I wash my clothes, remove it from the washer and put it on a dryer rack. Then, water contained in the wet clothes naturally evaporates and becomes dry overtime. I understood this occurs from latent heat (roughly ~600Wh/kg of water to be evaporated).

My question is: where does this energy comes from? By instance, if we consider a closed room heated to 20°C (and perfectly isolated, would remain at 20°C for ever), if we dry the clothes in this room, would the room temperature be decreased (to 19.X°C) due to the energy "consumed" to evaporate the clothes?

Note: Hopefully, this specific answer will help answering How can an electric dryer be so "efficient" compared to a dryer rack?

  • $\begingroup$ When you blow air on the clothes, they get cooler. How do they then equalize their temperature to the room's? $\endgroup$ May 11, 2017 at 19:00
  • $\begingroup$ Those of us living in deserts know just how effective swamp coolers can be at making your house comfortable. $\endgroup$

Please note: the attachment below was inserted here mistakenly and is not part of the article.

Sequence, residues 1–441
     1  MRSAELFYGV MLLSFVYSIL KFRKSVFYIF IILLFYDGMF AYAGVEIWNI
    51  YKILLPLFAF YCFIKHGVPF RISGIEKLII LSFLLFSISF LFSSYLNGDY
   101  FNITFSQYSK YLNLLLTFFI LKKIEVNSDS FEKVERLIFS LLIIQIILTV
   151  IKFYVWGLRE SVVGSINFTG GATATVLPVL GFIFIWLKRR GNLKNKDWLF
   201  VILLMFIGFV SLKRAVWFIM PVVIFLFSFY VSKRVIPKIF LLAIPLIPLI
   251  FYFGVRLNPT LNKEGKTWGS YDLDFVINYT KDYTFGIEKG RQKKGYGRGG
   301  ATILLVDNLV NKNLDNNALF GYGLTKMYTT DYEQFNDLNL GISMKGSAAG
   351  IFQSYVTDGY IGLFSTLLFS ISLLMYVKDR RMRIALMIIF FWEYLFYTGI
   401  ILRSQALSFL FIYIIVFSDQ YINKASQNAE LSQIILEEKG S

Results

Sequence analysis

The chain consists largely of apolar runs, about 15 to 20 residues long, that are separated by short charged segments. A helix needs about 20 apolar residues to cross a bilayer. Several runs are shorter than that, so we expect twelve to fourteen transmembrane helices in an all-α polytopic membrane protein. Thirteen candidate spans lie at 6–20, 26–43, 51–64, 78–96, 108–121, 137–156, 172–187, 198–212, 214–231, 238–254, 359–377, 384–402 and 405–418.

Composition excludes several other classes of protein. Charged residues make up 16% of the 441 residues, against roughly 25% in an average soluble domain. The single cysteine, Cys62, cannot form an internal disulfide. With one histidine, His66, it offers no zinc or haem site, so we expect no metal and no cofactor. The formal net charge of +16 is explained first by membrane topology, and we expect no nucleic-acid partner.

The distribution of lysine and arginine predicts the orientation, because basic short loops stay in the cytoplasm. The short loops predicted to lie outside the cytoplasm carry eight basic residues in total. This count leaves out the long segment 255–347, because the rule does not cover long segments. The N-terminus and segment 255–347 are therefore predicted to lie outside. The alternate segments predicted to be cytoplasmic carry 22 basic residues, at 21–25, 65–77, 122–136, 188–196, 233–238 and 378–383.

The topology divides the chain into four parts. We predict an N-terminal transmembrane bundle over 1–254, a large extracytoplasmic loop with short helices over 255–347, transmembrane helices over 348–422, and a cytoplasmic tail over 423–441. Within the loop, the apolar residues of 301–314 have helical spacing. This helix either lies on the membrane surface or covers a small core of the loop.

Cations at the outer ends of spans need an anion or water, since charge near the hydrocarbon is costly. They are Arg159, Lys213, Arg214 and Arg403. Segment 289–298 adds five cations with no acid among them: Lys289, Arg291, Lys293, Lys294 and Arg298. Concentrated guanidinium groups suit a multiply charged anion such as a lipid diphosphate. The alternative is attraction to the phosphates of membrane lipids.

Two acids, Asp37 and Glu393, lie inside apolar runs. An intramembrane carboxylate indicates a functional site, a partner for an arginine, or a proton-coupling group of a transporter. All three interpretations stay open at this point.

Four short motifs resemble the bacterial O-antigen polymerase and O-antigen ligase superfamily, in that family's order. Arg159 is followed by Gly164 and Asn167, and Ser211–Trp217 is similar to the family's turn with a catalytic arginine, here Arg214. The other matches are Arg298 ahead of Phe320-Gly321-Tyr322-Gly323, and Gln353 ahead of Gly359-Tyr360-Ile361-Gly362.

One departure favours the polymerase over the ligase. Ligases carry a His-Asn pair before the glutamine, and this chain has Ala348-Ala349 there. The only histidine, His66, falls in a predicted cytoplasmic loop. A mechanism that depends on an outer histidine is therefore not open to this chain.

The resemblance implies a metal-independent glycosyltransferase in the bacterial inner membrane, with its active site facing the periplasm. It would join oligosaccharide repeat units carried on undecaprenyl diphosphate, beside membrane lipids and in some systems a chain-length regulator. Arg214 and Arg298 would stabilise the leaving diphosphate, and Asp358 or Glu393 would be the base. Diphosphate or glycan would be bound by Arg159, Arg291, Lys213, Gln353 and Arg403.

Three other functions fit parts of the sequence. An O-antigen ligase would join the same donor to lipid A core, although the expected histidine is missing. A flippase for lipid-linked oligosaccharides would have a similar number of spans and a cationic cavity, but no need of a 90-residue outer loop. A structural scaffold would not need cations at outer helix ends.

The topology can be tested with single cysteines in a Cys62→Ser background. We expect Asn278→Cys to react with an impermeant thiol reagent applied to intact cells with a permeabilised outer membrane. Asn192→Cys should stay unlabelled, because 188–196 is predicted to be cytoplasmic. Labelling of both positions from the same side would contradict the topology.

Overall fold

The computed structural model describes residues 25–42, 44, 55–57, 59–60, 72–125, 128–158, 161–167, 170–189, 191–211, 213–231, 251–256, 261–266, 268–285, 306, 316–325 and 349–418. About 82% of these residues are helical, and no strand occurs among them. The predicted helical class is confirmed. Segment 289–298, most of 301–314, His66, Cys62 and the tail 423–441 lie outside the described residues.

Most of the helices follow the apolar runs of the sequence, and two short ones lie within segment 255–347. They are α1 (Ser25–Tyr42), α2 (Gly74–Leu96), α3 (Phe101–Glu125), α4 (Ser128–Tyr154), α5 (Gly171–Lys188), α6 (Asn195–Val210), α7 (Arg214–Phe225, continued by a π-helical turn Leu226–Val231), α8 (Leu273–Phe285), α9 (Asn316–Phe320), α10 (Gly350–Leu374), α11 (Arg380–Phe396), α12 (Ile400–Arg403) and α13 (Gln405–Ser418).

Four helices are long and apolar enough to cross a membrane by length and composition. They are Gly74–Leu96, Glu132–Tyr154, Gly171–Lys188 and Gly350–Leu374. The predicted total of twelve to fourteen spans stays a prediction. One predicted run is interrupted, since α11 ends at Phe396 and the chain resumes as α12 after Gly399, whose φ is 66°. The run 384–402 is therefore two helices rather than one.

– Jon Custer
    May 11, 2017 at 19:04
  • $\begingroup$ This should be of help in understanding the phenomenon theweatherprediction.com/habyhints/19 $\endgroup$
    – Chappy
    May 11, 2017 at 19:05

1 Answer 1


The heat will come from your clothes and from their surroundings with a resulting drop in temperature.

Hanging clothes on a cold and windy (to aid evaporation) day often results in the clothes becoming stiff due to some of the water on the clothes freezing.
The clothes will then continue to dry as sublimation occurs with ice being directed converted into water vapour.

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  • $\begingroup$ Thanks for your answer. Then, if there is a temperature drop, it should be compensated by the room heater. Could you also help on the other question related to this (physics.stackexchange.com/questions/332056/…) $\endgroup$
    – jpo38
    May 11, 2017 at 19:42

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